Landmark $100 million gift creates The Pearson Institute for the Study and Resolution of Global Conflicts.
At a time of heightened global violence, as war and political persecution drive the largest displacement of refugees and migrants since World War II, the University of Chicago has received a $100 million gift to establish the first research institute and annual global forum of their kind devoted solely to the study and resolution of global conflicts.
The landmark gift from The Thomas L. Pearson and The Pearson Family Members Foundation (“The Pearson Family Foundation”) is equal in size to the second-largest gift in the University’s history.
The gift was announced by President Robert J. Zimmer before an enthusiastic audience of more than 1,100 faculty, students, alumni, trustees and dignitaries at the University’s Mandel Hall on September 30.
Richard N. Haass, president of the Council on Foreign Relations and an expert on U.S. foreign policy, who has been recognized for his efforts to promote international peace and conflict resolution, followed Zimmer with comments on the importance of better understanding conflicts between and within states and what has been shown to reduce their frequency, intensity and duration.
The $100 million gift was made to the University at the direction of Thomas L. Pearson and Timothy R. Pearson, chairman and president & CEO, respectively, of The Pearson Family Foundation. The Pearsons are business entrepreneurs, investors and philanthropists with a long-standing interest in the resolution of global disputes and conflicts.
“The University of Chicago is deeply grateful to the Pearson Family for this transformative gift. Their generosity creates The Pearson Institute for the Study and Resolution of Global Conflicts and The Pearson Global Forum, signaling a vital and unprecedented step in confronting the new era of violent conflicts,” said Zimmer.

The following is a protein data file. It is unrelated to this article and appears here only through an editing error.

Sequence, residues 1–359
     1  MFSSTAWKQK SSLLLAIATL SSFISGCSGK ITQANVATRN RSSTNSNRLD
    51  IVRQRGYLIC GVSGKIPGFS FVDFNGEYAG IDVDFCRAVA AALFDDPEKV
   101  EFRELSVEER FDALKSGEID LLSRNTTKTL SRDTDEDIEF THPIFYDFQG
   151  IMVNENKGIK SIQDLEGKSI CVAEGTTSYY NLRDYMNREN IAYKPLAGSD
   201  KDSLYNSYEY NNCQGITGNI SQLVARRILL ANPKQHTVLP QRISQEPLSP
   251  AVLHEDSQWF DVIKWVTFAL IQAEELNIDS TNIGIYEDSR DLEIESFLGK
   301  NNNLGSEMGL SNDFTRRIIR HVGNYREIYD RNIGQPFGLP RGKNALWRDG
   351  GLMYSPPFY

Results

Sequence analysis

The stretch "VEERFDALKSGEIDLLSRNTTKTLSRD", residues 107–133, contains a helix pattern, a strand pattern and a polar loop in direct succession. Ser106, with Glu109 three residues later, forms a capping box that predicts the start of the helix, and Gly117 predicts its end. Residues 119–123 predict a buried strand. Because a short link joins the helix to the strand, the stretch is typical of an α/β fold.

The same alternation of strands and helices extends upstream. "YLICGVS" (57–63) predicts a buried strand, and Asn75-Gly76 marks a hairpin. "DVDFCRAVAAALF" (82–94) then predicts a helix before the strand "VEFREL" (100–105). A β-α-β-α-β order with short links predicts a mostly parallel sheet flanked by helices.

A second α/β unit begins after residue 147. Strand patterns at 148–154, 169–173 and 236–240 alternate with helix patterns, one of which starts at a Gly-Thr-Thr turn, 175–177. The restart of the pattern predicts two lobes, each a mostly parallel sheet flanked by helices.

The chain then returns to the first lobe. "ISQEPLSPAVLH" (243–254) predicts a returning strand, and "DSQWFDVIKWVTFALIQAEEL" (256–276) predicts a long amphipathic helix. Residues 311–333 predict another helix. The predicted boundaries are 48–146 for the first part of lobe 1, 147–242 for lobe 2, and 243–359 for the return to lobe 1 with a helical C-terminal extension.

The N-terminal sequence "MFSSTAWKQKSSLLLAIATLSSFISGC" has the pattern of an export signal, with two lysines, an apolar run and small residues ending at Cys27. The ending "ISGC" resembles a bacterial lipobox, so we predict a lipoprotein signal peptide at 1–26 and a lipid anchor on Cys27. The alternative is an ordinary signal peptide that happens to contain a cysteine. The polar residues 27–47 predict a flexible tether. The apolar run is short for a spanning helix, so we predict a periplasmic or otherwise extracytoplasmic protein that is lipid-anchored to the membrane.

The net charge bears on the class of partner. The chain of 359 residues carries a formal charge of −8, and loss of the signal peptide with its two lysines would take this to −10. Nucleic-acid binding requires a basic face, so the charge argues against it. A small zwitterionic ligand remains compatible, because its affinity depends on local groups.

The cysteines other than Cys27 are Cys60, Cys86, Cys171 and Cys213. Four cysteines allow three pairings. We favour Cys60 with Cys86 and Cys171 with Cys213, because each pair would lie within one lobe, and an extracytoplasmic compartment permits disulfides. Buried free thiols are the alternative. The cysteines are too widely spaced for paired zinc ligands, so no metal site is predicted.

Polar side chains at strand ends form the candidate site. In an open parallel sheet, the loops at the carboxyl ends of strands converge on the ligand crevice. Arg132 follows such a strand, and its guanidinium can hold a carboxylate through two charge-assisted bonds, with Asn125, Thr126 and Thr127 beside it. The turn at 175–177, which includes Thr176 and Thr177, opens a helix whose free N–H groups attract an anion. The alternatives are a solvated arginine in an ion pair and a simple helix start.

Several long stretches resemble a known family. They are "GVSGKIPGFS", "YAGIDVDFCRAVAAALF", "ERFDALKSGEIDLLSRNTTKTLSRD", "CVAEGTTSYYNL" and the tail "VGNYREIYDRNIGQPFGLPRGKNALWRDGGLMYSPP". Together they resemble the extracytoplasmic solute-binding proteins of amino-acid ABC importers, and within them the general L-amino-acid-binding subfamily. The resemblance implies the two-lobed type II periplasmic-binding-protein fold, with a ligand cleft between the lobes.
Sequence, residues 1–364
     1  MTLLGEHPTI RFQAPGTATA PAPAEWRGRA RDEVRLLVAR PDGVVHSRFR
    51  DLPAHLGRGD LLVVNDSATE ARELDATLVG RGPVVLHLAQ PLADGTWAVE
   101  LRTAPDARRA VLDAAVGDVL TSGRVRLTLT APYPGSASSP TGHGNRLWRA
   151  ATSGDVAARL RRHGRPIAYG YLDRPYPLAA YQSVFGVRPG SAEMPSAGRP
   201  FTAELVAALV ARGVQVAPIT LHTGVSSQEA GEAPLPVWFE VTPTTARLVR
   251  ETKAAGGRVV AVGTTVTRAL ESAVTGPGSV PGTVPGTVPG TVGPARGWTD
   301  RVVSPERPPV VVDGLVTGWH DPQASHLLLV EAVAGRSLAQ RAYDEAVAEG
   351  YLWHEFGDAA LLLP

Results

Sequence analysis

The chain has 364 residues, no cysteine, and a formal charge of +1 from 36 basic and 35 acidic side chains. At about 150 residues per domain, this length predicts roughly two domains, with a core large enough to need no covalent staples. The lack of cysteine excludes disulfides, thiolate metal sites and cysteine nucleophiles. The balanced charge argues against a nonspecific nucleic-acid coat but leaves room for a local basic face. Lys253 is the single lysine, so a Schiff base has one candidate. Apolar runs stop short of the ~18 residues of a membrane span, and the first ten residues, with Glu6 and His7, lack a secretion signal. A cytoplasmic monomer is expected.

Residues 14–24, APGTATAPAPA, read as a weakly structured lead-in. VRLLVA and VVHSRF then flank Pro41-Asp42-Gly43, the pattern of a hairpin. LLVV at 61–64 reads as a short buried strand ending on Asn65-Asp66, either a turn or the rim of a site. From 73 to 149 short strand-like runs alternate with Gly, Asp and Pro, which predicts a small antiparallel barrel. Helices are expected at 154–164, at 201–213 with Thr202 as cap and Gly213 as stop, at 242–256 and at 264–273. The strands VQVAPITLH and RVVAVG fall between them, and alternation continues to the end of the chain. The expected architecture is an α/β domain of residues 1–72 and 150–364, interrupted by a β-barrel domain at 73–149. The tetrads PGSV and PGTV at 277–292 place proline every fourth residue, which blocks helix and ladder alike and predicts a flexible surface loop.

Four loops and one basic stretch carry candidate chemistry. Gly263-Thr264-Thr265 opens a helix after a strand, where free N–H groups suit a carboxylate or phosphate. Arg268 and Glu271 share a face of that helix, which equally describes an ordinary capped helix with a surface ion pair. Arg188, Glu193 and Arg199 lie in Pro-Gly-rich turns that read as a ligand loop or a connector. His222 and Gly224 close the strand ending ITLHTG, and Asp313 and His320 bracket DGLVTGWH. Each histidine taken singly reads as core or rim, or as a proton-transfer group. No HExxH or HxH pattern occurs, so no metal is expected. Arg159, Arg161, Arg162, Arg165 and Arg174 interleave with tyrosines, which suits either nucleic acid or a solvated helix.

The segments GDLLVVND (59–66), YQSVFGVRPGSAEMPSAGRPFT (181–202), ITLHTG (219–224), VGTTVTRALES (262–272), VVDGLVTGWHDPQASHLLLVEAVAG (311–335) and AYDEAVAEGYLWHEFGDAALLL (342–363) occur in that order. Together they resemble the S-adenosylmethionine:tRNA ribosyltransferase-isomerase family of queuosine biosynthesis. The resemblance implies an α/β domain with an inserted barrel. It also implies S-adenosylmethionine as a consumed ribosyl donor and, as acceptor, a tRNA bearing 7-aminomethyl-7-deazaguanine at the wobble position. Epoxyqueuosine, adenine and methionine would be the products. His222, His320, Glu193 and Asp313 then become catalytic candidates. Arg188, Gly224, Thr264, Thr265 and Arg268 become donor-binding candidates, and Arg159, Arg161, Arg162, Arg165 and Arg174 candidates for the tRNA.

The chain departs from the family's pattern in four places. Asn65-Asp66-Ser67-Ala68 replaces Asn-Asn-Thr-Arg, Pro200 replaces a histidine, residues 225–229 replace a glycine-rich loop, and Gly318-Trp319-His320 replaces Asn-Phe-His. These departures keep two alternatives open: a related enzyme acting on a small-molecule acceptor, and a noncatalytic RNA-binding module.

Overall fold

“The direct use of analysis and understanding to improve lives is a longstanding attribute of the University of Chicago,” Zimmer said. “Importantly, the study of global conflicts is a field ripe for groundbreaking research approaches, and The Pearson Institute will seek to inform more effective policy solutions for resolving violent conflicts to make a lasting impact around the world.”
Thomas L. Pearson said, “Our choice of the University of Chicago for this gift underscores our recognition of the University’s history of fostering an environment where rigorous inquiry is successfully applied to society’s toughest problems. It also signifies our belief that non-state conflicts, from drug cartels to insurgent organizations such as ISIS, increasingly constitute the foreign policy challenge of our time.”
“The imperative is to identify new strategies now that will address the spectrum of entities engaged in violent conflict from global superpowers, to state and sub-state, and non-state groups. Cold War-type solutions alone are less effective in today’s era of global conflicts, which requires a complex interaction of military, economic, political and cultural factors,” Thomas Pearson said.
More people have been displaced this year, such as those fleeing the war zone in Syria, than at any time since World War II, creating a global humanitarian crisis. UN estimates show that in 2014 alone, an estimated 13.9 million individuals were newly displaced due to conflict or persecution, and that one in every 122 people in the world, a total of 59.5 million, is either a refugee, internally displaced or seeking asylum, Thomas Pearson added.
“Grounded in Chicago Harris’ belief in the power of exacting, quantitative research, we’re convinced that The Pearson Institute will fill a critical gap in identifying new strategies rooted in innovative and data-driven research approaches and will act as a driving force in transforming how we understand and approach global conflicts,” said Daniel Diermeier, dean of the Harris School of Public Policy.
“The Pearson Institute will be built on the principle that the new era of violent conflicts calls for data-driven, analytical approaches to inform better policy solutions. Clearly, the goals of The Pearson Institute will embrace the University’s pioneering use of quantitative tools in the social sciences,” Diermeier said.
The Pearson Institute, housed at Chicago Harris, Diermeier noted, will concentrate its work in three main areas: (1) research to understand, prevent and resolve violent conflicts; (2) engagement by annually convening the international policy and academic community to recognize new evidence-based approaches and policies that reduce global conflicts; and, (3) education for the next generation of scholars and practitioners through new courses and programs, all designed to help resolve conflicts and inform more effective policies.
Story originally published on uchicago.edu